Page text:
Evangelion 3.0: You Can (Not) RedoStudio: Studio KharaRelease Date: November 17, 2012 (Theatrical release) When we last left Shinji in Evangelion: 2.0, he had managed to pull Rei out of Zeruel, accidentally initiating 3rd impact. Riding Eva Unit 06, Kaworu descended from the moon and pierced Unit 01 with the Lance of Longinus, seemingly putting an end to the process. A lot of time has passed since then; 14 years, to be exact. You Can (Not) Redo kicks off with Asuka and Mari retrieving a sealed Shinji and Unit 01 from space, only to come under attack by a strange Angel-like monster. The creature is obliterated by a briefly awakened Unit 01, and from there our slumbering hero is transported to the AAA Wunder; headquarters of the anti-NERV organization, Wille. Awake and unsure of what the hell is going on, Shinji is led to the bridge where he comes face to face with aged versions of all the NERV operatives that he had come to know in his time as an Eva pilot. Leading this group of hardened soldiers is none other than Misato Katsuragi, his former guardian and friend. With the world having fallen to pieces and no one giving him the answers he seeks, will Shinji be able to find his own form of happiness as everything and everyone around him moves on?  The first thing that needs to be made clear about You Can (Not) Redo is that it doesn't at all follow the template of the source material. 2.0 added many new plot elements, but the main story beats were mostly kept intact. This is not the case in 3.0, as Studio Khara has instead taken the Rebuild story in a completely different direction. By keeping Shinji out of the picture for 14 long years, the characters of Evangelion have been able to grow in unique ways. It's fascinating to see Misato unchained from the shackles of NERV. She was never really able to capitalize on the information about SEELE that she uncovered in the original TV series. Here, she leads the charge in an aggressive attempt to stop the 4th Impact from occurring. While completely different than the road she ends up taking by End of Evangelion, it's nonetheless in line with her character and the way the Rebuild films have developed her up until now. Despite technically being more divided than ever before, it's good to see the core group of characters finally unite against a common threat. I do wish we could have gotten more scenes with some of the new Wille characters, but with a runtime of 106 minutes, I can understand why they didn't have more screen time. Asuka in particular comes as a pleasant surprise. Despite her outer appearance being mostly unchanged (the silly excuse being LCL exposure), she's aged internally by 14 years, making her a 28 year old adult. This newfound adulthood is reflected in her personality and the way she chooses to deal with others. Her anger toward Shinji isn't born from childish romance, but rather frustration that he hasn't changed at all. Now more of an older sister than an object of romance, Asuka's new dynamic with Shinji is a fresh take on an old relationship. In an interview with Asuka's voice actress, Yuka Miyamori, she said that after reading the script for 3.0, all she could think was that Asuka has finally "taken a step forward." I couldn't agree more. Unfortunately, Maaya Sakamoto's character, Mari Makinami Illustrious, doesn't get a whole lot to do in You Can (Not) Redo. Her banter with Asuka is a lot of fun to watch and she gets some great action sequences, but her presence and purpose are still huge question marks. In some ways, she reminds me of the battle-loving side of Asuka from the TV series, which makes for an interesting contrast with the current version. I'm not sure that's enough to justify her existence at this point, however it looks like she might have a fairly large role to play in the 4th film. Rei's role in 3.0 is also diminished compared to the previous two films, but no less important. Going into detail about her story arc would be like trying to navigate a spoiler minefield, but I will say that I look forward to seeing what's next for the character. I wish she had been given more screen time, but she was clearly not the focus of the story. Where Evangelion: 3.0 really shines is in its handling of Kaworu and Shinji's relationship. Unlike his brief appearance in the TV series, Kaworu is given the majority of the film's focus, and the end result is a friendship that feels much more sincere and less rushed. Shinji has effectively lost everything near and dear to him, leaving him alone and beaten. Kaworu represents hope; the hope that maybe he can redo things. There's something fascinating and truly sweet about their friendship, and that forms the crux of 3.0's narrative. It keeps the audience connected to Shinji, and much like Kaworu, we want to see him find some measure of joy amidst all the chaos. You Can (Not) Redo is a slower paced, less action-filled affair than the previous films, but the emotional payoff is greater. Shinji is at times frustrating to watch, but more justified than ever in his decision making and thought processes. Cast into a mysterious new world with people he doesn't even recognize anymore, Shinji is lost. Every truth he learns only serves to hammer that fact in further. It's in finding friendship and love through Kaworu that Shinji is able to move forward, for better or worse.  There were rumors that midway through production, Studio Khara discarded their work and started from scratch. The fact that none of the scenes in 2.0's post-credit trailer made it into the film lends credence to that. Evangelion: 3.0 is a great looking film, for the most part. The first and third act of the film are beautiful, filled with an electric mix of CG and traditional animation. The second act suffers from some dull looking locations and a few too many shots of the sky, which I suspect might get cleaned up by the time the BD hits Japanese shelves. That being said, the final action set piece is so crazy that it more than makes up for some of the rushed scenes.  Shiro Sagisu continues to bring his musical talents to the Evangelion franchise with his signature choral arrangements. Nothing really sticks out in my mind, but that doesn't take away from how consistent the music is. In particular, the final battle features a rousing piece that really adds to the tension onscreen. At this point, I can't imagine Evangelion without his compositions. Utada Hikaru's Sakura Nagashi serves as an appropriately melancholic ending theme, emphasizing the weight of what transpired onscreen. The idea beyond the song was to emphasize how we should value the people and things that are immediately around us. I normally don't pay too much attention to ending credits music, but Utada Hikaru nailed it. Evangelion: 3.0 is a hard film to stick a number on because it leans so heavily on the story that has already been established. It's a film that serves as a bridge between the old and the new, and it sets up the final conflict. With all the major forces ready to clash in the 4th film, 3.0 lacks closure. You Can (Not) Redo also avoids the breakneck pacing of its precursors, opting to be a slower, more personal film. It's impenetrable to those who haven't kept up with theRebuild films, and carries a huge amount of baggage in the form of the original TV series. Yet despite the nagging little issues here and there, Studio Khara has proven that there's plenty of life left in this beast, and I can't wait to see where these characters end up in the fourth and final film. By moving forward instead of replicating the old experience, this new series of films has carved its place into anime history. I just hope we don't have to wait too long to see its conclusion.  8.0 – Great. A well executed film or series that defines its genre without resorting to cliches.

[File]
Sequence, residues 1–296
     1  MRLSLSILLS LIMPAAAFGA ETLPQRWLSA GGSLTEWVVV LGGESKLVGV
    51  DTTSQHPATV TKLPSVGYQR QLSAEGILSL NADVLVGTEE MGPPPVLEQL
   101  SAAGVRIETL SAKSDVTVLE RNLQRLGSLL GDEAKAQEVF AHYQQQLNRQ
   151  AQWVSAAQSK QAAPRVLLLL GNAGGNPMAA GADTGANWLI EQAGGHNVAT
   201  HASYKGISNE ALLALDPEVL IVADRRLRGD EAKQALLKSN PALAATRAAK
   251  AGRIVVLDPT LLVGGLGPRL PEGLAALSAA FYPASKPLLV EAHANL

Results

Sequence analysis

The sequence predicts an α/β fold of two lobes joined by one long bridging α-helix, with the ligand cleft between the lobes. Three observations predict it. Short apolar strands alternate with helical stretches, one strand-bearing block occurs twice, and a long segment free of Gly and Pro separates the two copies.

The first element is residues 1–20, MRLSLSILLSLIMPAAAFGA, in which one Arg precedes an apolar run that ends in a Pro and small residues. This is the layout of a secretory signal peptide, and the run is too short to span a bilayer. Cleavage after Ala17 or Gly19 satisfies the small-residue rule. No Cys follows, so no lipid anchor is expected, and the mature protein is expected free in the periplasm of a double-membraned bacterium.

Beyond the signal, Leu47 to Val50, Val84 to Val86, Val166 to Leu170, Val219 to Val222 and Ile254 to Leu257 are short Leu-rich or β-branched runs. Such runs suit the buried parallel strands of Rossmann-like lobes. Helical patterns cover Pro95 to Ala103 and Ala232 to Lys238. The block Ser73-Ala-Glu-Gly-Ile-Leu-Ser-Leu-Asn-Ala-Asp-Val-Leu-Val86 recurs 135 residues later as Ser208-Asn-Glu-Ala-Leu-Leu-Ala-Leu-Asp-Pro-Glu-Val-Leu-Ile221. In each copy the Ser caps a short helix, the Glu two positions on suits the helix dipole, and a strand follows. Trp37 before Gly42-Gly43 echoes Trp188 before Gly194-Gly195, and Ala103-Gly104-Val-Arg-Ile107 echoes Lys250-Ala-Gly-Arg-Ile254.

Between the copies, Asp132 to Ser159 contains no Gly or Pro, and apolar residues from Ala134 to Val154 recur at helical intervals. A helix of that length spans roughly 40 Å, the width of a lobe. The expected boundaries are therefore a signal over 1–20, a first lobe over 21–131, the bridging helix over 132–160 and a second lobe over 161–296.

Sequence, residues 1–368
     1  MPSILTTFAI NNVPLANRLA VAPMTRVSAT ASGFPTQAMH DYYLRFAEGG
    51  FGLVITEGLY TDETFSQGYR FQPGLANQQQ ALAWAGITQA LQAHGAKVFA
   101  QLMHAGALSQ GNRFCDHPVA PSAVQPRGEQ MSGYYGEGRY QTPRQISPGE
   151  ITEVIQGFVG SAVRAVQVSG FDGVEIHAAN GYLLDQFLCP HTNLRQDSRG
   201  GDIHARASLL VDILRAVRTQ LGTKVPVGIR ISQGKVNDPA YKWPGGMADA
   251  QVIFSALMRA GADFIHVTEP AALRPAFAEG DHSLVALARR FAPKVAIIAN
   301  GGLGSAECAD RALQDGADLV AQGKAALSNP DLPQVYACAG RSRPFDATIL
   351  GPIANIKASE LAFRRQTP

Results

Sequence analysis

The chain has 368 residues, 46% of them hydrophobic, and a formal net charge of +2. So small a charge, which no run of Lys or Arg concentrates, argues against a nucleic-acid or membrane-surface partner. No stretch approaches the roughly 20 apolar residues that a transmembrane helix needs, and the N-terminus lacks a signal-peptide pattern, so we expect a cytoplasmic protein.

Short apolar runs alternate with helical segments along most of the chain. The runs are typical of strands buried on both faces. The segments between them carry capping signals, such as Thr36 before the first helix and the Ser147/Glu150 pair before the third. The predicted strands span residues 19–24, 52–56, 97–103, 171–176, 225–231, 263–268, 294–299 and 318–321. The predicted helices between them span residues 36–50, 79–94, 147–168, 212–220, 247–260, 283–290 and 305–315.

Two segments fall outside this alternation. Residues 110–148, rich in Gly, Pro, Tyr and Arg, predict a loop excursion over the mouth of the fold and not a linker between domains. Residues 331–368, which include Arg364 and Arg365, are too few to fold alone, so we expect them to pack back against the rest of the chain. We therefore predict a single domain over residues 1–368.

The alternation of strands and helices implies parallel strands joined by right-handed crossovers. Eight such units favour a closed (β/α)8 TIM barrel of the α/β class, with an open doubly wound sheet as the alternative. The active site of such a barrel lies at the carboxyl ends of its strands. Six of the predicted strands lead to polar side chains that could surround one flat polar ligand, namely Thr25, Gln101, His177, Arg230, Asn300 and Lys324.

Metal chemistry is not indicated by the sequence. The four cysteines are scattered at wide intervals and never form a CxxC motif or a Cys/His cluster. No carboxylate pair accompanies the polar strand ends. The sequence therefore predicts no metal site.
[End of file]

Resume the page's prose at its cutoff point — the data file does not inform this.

It all returns to nothing.